# How does x^5=32, a 5th degree polynomial, have 5 zeroes?

## I have been said that a ${n}^{t h}$ degree polynomal should have $n$ zeroes. The only zero I could find in $p \left(x\right) = {x}^{5} = 32$ is $x = 2$.

Sep 27, 2017

Repeated zeroes.

#### Explanation:

You are correct that the only zero present is $x = 2$, however, that zero is repeated because it is the only one present for the 5th degree polynomial. Essentially, the polynomial has 5 zeroes, all of which are $x = 2$.

Sep 30, 2017

${x}^{5} = 32$ has $5$ distinct roots, $x = 2$ and four non-real complex roots.

#### Explanation:

First let's straighten out the terminology a bit:

The equation: ${x}^{5} = 32$ has $5$ roots, which are the five zeros of the function ${x}^{5} - 32$.

One of those zeros is $x = 2$, which means that there is a corresponding factor $\left(x - 2\right)$.

We find:

${x}^{5} - 32 = \left(x - 2\right) \left({x}^{4} + 2 {x}^{3} + 4 {x}^{2} + 8 x + 16\right)$

The remaining quartic has $4$ zeros, which are all non-real complex.

The five zeros form the vertices of a regular pentagon in the complex plane:

graph{((x-2)^2+y^2-0.01)((x-2cos(2pi/5))^2+(y-2sin(2pi/5))^2-0.01)((x-2cos(4pi/5))^2+(y-2sin(4pi/5))^2-0.01)((x-2cos(6pi/5))^2+(y-2sin(6pi/5))^2-0.01)((x-2cos(8pi/5))^2+(y-2sin(8pi/5))^2-0.01) = 0 [-5, 5, -2.5, 2.5]}

We can write them as:

$x = 2$

$x = 2 \cos \left(\frac{2 \pi}{5}\right) + 2 i \sin \left(\frac{2 \pi}{5}\right)$

$x = 2 \cos \left(\frac{4 \pi}{5}\right) + 2 i \sin \left(\frac{4 \pi}{5}\right)$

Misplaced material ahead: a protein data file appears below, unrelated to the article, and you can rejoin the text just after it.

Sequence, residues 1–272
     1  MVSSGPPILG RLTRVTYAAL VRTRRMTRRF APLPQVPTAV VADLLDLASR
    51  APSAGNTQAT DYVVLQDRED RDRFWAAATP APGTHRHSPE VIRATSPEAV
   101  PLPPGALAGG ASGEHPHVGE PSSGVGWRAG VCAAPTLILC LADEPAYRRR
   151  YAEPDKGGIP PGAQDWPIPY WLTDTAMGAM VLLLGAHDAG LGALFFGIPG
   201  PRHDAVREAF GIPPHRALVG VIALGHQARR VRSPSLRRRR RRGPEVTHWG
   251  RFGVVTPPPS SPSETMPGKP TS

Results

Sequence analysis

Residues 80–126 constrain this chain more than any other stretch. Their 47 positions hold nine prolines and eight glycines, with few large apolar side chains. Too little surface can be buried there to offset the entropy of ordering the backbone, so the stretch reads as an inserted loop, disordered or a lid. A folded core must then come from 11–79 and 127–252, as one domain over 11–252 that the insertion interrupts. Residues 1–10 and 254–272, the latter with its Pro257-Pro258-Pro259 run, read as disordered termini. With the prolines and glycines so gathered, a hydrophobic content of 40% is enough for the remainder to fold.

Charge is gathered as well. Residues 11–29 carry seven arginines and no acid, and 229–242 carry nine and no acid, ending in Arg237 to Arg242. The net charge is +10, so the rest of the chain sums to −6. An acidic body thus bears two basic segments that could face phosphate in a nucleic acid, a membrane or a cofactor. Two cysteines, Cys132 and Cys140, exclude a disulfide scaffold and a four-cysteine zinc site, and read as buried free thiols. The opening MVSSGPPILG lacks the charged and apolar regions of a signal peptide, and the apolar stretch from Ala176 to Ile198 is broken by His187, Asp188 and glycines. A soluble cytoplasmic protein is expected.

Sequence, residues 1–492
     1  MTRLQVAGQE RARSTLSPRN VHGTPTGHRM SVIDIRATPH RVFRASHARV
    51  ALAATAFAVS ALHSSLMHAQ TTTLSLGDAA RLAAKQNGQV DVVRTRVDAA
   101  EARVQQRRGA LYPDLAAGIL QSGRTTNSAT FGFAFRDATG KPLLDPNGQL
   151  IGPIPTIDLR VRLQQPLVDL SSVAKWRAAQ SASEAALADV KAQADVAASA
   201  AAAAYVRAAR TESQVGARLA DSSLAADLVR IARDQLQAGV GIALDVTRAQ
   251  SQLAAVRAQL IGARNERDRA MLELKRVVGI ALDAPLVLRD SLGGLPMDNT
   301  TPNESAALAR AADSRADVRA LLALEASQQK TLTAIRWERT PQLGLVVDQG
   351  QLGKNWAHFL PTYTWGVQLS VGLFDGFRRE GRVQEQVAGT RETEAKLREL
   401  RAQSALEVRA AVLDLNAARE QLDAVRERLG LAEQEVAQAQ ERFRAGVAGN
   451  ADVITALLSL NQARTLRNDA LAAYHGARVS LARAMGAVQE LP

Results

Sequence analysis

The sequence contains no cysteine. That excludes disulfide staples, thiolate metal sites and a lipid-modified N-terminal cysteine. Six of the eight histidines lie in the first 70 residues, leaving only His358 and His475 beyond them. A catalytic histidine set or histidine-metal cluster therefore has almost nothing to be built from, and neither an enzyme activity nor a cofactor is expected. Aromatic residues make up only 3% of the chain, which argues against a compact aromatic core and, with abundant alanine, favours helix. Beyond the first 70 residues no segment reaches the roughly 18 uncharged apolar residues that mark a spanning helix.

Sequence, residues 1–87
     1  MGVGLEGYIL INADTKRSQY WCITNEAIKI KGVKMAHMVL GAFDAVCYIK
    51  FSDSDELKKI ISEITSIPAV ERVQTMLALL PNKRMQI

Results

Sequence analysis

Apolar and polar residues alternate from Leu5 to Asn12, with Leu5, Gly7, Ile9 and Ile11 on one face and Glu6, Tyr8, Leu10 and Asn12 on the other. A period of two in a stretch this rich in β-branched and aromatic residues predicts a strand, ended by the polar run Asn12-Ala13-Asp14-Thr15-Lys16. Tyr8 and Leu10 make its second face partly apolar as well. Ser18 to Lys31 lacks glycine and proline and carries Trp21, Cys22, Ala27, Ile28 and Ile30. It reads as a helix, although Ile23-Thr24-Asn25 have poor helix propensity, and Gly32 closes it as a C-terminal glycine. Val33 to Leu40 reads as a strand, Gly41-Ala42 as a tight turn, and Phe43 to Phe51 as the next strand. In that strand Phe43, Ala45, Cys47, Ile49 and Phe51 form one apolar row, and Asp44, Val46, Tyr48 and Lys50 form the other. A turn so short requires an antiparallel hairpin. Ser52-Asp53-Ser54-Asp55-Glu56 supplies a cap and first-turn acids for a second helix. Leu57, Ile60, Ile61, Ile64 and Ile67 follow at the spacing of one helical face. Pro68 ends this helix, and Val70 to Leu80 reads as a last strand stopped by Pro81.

$x = 2 \cos \left(\frac{6 \pi}{5}\right) + 2 i \sin \left(\frac{6 \pi}{5}\right)$

$x = 2 \cos \left(\frac{8 \pi}{5}\right) + 2 i \sin \left(\frac{8 \pi}{5}\right)$

Notes

It is possible to solve the quartic to get expressions for these zeros in terms of square roots instead of trigonometric functions. One way to start is to use the factorisation into quadratics described in: https://socratic.org/questions/how-do-you-factor-x-5-y-5

${x}^{5} - {y}^{5} = \left(x - y\right) \left({x}^{2} + \left(\frac{1}{2} - \frac{\sqrt{5}}{2}\right) x y + {y}^{2}\right) \left({x}^{2} + \left(\frac{1}{2} + \frac{\sqrt{5}}{2}\right) x y + {y}^{2}\right)$

Put $y = 2$ for the given problem.

Oct 1, 2017

The root $x = 2$ is not repeted five times. If so, the fomula should be${\left(x - 2\right)}^{5} = 0$.

This equation has five complex roots. One is a real root ($x = 2$) and the other four are imaginary roots.

$\textcolor{red}{\text{Imaginary}}$ root is a root that is not a real number, but a complex one.

(1) What is an imaginary number?
You cannot solve the equation $\textcolor{b l u e}{{x}^{2} = - 1}$ if you are in the "real" world.
However, you can "imagine" the number that satisfies this.

The $\textcolor{red}{\text{imaginary unit}}$ $i$ is defined as $\textcolor{g r e e n}{{i}^{2} = - 1}$.
A $\textcolor{red}{\text{complex number}}$ $z$ is a number that has a form $\textcolor{b r o w n}{z = a + b i}$ ($a , b =$real numbers).
If $b$ is not zero, $z$ is an imaginary number.

Imaginary number is indeed "imaginary" but very useful for expressing an alternating current, dealing with rotational movement, etc.

Euler found that ${e}^{i \theta} = \cos \left(\theta\right) + i \sin \left(\theta\right)$. ($e = 2.718$… is the Napier's constant.)
If you put $\theta = \pi$, you will see the amazing result. $\textcolor{p u r p \le}{{e}^{i \pi} = - 1}$.
Imaginary number is a bridge between trigonometric and exponential functions.

(2) What is the four imaginary numbers of ${x}^{5} = 32$
Acording to De Moivre's formula, the roots of ${z}^{n} = 1$ have the form
z=cos((2πk)/n) + i sin((2πk)/n) ($k$=integer, $i$=imaginary unit).

Substituting $n = 5$ and $k = 0 , 1 , 2 , 3 , 4$ to this formula leads to the five roots of ${z}^{5} = 1$.
$z = \cos 0 + i \sin 0 = 1$ (the only real root), cos((2π)/5)±isin((2π)/5) and cos((4π)/5)±isin((4π)/5).

The roots of ${x}^{5} = 32$ are obtained by doubling $z$ ($x = 2 z$).